With exams finally over, we packed the car for the now all too familiar journey down south. Our destination this time, Reading regatta.
In the weeks leading up to this training intensity had increased and crew selection had, and still was being debated, all in preparation for the season finale of Henley Women’s Regatta in just one weeks time. If we wanted our boat to go, this was the weekend to prove it.
The conversation on the journey down and at our accommodation, was on anything other than rowing but come Saturday morning and our arrival at the river, the habitual routine of race prep began. Being new to rowing this year meant I had never heard of a rigger jigger before, but now I was rather skilled with mine and similar to everyone else, I kept one eye on it at all times as they have a habit of “wandering off”!
Once boats were sorted, we settled down to watch some of the other events as for once we weren’t one of the first races, and to admire the club BBQ and gazebo. When the captain gathered us together for a team talk and warm up, it was evident tensions were running high, but now was not the time to dwell on the result of previous races. We talked, ran, talked some more and then it was time to race.
The row up gave us a chance to get used to the different blades we were using while ours were getting repaired for next weekend, and have a proper look at the course. We had become accustomed to racing on multi lane lakes but now we were going head to head on a narrow and bendy river. We had spent months training over 2km and now the race would only be 1500m. All I can remember from the race is longing to catch sight of the other boat. The cox was pushing us, the crowd was trying to lift us but before we knew it the race was over – we had lost.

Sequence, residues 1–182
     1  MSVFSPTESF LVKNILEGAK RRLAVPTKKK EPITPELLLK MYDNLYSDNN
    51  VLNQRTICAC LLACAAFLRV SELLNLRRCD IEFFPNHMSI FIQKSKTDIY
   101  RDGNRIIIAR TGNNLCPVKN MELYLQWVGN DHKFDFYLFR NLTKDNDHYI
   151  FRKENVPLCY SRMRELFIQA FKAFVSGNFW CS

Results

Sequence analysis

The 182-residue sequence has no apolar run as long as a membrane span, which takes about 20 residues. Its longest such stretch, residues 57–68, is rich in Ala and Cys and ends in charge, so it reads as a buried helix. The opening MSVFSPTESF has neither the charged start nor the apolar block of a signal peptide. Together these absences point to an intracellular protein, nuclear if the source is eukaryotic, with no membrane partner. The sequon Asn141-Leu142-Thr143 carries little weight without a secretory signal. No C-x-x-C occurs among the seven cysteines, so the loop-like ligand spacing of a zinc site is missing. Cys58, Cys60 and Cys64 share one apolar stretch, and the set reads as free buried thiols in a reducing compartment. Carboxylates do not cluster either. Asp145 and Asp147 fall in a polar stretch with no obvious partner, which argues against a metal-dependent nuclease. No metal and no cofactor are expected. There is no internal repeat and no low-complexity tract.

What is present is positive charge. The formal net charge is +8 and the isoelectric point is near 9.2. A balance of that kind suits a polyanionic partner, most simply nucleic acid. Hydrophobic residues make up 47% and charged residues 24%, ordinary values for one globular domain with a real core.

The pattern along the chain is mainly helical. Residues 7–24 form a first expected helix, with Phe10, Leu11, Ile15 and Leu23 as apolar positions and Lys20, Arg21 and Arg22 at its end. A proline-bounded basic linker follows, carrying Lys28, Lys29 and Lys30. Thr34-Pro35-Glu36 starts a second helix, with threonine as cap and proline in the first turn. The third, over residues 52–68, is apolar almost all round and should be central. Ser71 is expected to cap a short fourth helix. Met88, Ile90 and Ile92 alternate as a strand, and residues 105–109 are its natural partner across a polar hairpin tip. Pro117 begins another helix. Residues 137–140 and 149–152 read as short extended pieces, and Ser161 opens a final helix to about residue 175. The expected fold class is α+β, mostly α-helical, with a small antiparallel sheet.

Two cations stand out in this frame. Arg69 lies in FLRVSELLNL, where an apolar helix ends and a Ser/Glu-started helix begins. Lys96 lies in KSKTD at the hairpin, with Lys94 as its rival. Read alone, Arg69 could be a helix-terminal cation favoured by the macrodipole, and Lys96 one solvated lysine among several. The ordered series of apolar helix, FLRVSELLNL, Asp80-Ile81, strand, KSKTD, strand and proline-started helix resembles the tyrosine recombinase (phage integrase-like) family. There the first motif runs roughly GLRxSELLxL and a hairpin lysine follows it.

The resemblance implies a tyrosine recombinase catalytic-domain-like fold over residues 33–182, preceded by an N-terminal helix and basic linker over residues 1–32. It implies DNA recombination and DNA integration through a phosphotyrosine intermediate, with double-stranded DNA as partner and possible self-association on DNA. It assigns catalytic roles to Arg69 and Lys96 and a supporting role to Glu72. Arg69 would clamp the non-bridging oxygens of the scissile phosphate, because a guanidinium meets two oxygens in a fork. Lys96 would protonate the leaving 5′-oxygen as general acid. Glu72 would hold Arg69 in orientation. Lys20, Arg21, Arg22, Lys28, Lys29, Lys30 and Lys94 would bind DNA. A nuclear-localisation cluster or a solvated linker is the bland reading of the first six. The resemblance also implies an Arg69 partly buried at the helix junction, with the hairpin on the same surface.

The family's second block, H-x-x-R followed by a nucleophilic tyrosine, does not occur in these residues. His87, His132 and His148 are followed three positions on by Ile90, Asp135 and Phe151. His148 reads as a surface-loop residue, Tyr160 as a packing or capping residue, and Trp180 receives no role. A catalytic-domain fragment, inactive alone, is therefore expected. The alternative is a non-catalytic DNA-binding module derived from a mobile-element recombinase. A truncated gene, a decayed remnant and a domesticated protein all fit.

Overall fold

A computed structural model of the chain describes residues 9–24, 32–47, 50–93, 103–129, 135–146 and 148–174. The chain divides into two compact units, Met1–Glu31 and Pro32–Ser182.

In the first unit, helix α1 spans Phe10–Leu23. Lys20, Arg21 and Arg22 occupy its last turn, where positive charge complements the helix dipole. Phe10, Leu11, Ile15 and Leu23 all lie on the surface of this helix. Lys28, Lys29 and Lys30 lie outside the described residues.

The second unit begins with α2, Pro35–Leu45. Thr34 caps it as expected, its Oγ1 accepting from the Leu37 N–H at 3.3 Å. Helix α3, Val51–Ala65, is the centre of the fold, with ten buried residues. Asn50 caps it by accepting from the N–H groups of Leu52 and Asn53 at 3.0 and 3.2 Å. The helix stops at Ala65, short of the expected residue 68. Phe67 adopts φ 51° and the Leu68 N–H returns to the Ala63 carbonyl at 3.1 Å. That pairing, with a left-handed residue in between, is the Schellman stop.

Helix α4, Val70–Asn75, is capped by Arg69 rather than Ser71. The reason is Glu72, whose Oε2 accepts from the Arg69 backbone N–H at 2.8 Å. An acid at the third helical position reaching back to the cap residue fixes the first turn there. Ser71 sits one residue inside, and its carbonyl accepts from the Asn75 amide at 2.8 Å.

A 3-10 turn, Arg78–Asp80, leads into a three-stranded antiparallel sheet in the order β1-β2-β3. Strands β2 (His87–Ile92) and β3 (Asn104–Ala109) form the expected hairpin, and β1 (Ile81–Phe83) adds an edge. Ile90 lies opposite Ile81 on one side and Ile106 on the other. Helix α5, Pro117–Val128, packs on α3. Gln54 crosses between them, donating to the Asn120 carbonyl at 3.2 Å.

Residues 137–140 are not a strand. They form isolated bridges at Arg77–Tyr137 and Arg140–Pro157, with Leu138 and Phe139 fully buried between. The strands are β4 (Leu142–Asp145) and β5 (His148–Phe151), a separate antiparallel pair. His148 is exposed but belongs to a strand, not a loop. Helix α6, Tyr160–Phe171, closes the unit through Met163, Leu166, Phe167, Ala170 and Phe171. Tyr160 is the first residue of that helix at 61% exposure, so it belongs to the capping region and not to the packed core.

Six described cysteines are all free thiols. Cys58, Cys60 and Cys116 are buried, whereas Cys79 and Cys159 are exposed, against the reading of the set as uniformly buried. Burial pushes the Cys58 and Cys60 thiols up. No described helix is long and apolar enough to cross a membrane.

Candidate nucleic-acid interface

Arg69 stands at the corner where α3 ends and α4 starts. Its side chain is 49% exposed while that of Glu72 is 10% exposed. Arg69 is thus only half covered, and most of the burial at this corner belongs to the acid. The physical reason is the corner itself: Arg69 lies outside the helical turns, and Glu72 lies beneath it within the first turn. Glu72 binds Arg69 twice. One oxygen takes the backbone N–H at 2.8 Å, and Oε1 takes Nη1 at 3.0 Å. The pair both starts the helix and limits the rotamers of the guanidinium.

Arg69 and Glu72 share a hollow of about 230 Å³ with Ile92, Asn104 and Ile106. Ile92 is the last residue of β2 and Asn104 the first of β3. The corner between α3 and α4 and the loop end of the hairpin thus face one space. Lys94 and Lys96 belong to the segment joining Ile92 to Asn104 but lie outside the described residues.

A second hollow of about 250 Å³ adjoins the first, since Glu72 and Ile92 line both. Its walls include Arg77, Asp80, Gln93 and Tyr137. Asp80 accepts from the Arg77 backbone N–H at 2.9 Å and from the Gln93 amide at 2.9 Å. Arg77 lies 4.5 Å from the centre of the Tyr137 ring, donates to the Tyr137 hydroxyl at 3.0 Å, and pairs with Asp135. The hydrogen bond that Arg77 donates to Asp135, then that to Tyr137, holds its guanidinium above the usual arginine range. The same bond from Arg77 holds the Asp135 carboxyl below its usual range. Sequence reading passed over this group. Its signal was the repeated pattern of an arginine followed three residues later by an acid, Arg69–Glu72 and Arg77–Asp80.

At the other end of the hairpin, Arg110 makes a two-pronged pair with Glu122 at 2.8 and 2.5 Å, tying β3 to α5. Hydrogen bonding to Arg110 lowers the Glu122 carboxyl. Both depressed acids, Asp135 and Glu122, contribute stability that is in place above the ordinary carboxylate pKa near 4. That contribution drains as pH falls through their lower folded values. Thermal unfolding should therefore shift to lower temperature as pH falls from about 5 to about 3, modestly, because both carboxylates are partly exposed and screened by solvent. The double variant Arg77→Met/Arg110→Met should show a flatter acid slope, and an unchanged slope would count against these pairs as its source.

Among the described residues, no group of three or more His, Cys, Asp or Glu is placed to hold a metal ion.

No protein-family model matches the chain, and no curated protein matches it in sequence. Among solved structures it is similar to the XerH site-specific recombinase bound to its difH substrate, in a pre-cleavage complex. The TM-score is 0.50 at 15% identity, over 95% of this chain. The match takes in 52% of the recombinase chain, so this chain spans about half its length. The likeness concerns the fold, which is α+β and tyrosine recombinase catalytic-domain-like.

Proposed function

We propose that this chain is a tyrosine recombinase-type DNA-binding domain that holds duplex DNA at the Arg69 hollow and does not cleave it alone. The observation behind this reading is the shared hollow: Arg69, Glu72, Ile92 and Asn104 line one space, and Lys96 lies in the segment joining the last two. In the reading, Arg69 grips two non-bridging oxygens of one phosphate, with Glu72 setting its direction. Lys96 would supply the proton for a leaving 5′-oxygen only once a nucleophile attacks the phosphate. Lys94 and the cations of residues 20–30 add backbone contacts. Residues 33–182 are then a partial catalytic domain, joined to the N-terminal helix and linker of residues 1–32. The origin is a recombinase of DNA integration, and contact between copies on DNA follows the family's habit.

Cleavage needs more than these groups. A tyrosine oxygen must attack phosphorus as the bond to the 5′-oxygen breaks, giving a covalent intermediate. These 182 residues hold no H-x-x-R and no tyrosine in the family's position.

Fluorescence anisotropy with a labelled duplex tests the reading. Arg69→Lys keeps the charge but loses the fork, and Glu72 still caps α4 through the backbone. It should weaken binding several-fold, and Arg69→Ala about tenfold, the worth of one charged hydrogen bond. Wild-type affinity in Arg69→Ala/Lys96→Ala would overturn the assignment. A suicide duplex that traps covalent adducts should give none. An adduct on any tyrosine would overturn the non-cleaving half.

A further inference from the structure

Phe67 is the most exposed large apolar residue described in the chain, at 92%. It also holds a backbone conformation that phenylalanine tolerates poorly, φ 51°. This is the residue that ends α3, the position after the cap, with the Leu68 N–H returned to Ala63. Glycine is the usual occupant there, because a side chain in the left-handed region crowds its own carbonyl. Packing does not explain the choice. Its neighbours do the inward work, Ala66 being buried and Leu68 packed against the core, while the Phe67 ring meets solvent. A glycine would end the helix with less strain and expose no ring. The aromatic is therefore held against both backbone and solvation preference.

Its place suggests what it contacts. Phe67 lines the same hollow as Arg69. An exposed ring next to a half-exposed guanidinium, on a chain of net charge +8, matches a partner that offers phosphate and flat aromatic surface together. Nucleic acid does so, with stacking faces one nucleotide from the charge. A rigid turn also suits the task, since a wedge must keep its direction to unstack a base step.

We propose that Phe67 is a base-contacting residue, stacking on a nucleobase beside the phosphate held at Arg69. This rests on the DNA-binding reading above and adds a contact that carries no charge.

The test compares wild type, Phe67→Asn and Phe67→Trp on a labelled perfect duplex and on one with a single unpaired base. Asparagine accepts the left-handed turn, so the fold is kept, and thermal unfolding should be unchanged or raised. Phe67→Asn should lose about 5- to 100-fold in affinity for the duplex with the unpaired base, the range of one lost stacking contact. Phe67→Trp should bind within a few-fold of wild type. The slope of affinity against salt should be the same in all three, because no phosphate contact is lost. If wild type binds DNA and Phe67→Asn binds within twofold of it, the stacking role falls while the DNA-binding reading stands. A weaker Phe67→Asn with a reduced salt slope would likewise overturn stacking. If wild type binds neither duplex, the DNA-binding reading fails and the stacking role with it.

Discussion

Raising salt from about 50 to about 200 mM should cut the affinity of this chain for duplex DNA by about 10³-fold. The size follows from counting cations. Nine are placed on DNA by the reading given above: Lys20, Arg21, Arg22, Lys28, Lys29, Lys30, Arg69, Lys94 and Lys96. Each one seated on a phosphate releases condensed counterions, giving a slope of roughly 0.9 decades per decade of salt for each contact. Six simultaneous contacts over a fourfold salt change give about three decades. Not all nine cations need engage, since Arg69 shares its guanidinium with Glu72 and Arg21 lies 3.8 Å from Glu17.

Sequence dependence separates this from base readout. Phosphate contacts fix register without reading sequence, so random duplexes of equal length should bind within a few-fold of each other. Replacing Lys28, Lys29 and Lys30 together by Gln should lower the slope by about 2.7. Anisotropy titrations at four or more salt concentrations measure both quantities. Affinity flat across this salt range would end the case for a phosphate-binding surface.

When we got off the water and had sorted the boat, the message from the debrief was clear, tomorrow is another race and take something from today to fix for tomorrow. Another personal learning point, which to most people and normally myself is pretty obvious, is that the combination of sun cream on your hands and water, definitely does not help you grip a handle! The day finished on a high though, watching the women’s first 8 compete in a final and then the men’s first 8 win theirs.
24 hours later we were back having another team talk, preparing the boat and heading down to the river again. Warm up was similar but the course this time was 1100m. I couldn’t tell you much from the race other than they were next to us for most of it. You are not meant to look out of the boat but when they are next to you all you want to see is who is ahead. They would push and we would match it and this went on until the end, when they had more left in them. While the result was the same as the day before, you could argue it was actually completely different.
Having a proper head to head race just before Henley gave us the focus for the week ahead; we need a finish! On the journey home we discussed the past few days but thoughts quickly turned to next week. Now was not the time panic, no fitness regime could make vast improvement and to quote the coach from camp; ‘You need to decide if you are the chicken or the pig, when thinking about breakfast’. Can you produce something and survive or are you going to end up as bacon?
Sarah Baird is a member of the Novice Women’s squad, and started rowing at MUBC in September 2014 she competed in IM3 8+ on the Saturday and Sunday of Reading Regatta.
Reading Regatta was on the weekend of the 14/15th of June, with wins for MUBC in open Novice and Elite 1x (Jake Brown and Sam Thornton) on the Sunday and the open IM2 8+ on the Saturday.